A floating water pipe pumps water to the powerful water jets on the Moonfish’s long metal sword. With this, the Moonfish makes a deep trench in the seabed, where it simultaneously lays the cable at a depth of up to 8 metres. The trench is then immediately backfilled. As a result, the cables are safely protected against future coastal erosion.

Ward Mertens, Project Manager for Jan De Nul Group: ‘Preparations started this year on the 1st March, immediately after the storm season. Our daughter company Soetaert installed four long cofferdams for the sea cable’s reception pits. Simultaneously, we dredged away the sand dunes just off the coast to clear the path for the Moonfish. The Moonfish set to work at the end of May. Controlled from the jack-up installation vessel just off the coast, the machine drove up to the beach. With the onset of a beautiful sunset, the machine got moving for the first time and buried the first sea cable at a depth of 8 metres. A fantastic moment after almost two years of engineering!’

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Three installation campaigns

In total, Jan De Nul is installing four sea cables in three installation campaigns. These sea cables will connect the transformer stations of the two wind farms Hollandse Kust (noord) and (west Alpha) to the mainland. Each transformer station will receive two cables, all together accounting for a total cable length of 235 kilometres. The second and third installation campaign will take place in the first half of 2023.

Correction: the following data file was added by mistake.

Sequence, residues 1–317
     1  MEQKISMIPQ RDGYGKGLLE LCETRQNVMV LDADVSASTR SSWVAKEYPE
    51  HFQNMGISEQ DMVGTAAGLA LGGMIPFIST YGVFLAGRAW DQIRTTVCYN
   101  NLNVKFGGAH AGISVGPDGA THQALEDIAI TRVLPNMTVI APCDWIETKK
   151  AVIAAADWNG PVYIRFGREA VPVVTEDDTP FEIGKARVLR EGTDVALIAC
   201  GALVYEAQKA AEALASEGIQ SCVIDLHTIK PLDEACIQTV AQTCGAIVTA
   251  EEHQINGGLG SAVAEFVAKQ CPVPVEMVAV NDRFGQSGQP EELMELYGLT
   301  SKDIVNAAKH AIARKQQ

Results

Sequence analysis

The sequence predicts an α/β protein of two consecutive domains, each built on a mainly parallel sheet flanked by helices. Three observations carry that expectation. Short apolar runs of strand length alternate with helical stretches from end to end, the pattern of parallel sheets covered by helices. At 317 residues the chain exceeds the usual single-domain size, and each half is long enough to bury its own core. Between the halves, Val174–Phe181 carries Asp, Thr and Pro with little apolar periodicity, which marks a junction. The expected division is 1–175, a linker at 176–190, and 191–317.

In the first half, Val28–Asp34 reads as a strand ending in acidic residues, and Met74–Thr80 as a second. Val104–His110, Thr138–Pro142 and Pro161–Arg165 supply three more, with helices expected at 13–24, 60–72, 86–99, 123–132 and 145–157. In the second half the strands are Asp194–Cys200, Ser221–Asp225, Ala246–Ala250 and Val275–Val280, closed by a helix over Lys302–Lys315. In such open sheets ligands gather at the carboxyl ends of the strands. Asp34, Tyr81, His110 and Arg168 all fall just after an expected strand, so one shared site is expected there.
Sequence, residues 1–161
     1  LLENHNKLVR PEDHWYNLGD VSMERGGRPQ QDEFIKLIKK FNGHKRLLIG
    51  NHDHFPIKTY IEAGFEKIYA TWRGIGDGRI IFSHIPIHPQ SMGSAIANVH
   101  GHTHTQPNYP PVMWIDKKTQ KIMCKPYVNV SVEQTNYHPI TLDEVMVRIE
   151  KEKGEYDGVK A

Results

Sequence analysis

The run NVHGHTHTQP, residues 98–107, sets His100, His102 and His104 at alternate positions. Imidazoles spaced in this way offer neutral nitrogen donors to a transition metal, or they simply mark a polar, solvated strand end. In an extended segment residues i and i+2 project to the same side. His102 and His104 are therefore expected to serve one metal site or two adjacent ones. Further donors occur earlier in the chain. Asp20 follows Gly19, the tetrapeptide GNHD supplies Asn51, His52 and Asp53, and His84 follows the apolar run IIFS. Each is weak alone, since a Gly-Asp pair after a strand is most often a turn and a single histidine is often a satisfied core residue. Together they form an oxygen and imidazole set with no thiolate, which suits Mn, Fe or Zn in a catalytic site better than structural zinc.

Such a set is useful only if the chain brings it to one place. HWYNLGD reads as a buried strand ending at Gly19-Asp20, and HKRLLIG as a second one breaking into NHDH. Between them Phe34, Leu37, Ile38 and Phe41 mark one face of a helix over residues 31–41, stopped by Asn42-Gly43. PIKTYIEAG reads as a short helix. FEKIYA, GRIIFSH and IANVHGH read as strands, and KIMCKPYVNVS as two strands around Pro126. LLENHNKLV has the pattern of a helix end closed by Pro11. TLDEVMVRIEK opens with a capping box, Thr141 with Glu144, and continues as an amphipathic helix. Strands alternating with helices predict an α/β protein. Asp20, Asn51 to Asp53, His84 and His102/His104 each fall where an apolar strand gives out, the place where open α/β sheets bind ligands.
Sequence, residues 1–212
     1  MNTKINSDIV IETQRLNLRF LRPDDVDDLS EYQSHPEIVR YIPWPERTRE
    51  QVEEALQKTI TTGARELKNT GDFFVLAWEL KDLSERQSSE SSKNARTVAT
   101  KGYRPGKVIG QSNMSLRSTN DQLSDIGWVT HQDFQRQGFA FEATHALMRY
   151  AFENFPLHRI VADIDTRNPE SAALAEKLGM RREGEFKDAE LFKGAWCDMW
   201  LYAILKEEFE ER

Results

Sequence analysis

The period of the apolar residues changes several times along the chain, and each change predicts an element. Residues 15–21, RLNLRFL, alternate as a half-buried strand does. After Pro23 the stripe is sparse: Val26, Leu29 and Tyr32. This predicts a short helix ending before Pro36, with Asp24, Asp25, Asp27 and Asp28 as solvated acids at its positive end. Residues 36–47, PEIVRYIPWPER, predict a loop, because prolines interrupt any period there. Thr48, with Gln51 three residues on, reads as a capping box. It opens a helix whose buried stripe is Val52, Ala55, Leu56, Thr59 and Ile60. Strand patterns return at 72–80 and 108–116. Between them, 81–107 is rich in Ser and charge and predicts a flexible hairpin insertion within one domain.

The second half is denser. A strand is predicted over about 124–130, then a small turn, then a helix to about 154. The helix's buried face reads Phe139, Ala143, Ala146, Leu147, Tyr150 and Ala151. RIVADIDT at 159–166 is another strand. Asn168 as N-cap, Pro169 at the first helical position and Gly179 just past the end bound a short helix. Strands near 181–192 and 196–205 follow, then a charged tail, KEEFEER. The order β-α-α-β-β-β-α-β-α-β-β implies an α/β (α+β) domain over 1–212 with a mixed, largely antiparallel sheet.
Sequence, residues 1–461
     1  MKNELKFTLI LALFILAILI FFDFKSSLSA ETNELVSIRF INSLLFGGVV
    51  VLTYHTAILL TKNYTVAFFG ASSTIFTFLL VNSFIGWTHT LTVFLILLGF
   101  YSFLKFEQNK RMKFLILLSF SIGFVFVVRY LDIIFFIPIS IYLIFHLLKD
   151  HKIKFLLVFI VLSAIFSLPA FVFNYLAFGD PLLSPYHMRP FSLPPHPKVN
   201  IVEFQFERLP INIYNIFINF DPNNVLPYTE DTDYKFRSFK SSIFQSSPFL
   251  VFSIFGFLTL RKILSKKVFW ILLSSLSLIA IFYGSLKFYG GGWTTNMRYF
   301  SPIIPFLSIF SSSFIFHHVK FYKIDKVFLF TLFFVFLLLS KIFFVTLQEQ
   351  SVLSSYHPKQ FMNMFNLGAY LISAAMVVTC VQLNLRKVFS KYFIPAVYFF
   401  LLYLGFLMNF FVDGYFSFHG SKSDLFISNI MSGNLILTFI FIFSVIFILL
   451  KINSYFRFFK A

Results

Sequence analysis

Jan De Nul still needs to install two more cable sections to connect the future wind farm Hollandse Kust (West Alpha) to the grid. Jan De Nul’s cable installation vessel Connector will collect the first in South Korea, transport it to the Netherlands and then install it. The Isaac Newton will again be deployed for transporting and installing the final sea cable section.

Global Symphony

Built in 2011, the Symphony has an extensive 1400 m² deck space and is amongst others equipped with two 150 HP work class remotely operated vehicle (ROV) systems and a 150-tonne AHC crane. Thanks to the design of the vessel, the Symphony can operate in higher sea states.

Jan De Nul acquired the Global Symphony
Offshore support vessel Global Symphony will be renamed Symphony and will become the “home base” of Jan De Nul’s in-house designed and built Trenching ROV Swordfish.

The Symphony will predominantly be used to support cable installation activities and will operate as a dedicated Trenching Support Vessel. Jan De Nul’s recently delivered state-of-the-art newbuilt trencher Swordfish will be installed on board of the Symphony by the first quarter of 2023.

Picture (top): The trencher Moonfish buries the sea cables, starting on the beach up to 5 kilometres off the coast. In the background, Jan De Nul’s jack-up installation vessel Vole au vent, from where the Moonfish was remotely controlled (picture: Jorrit ‘t Hoen).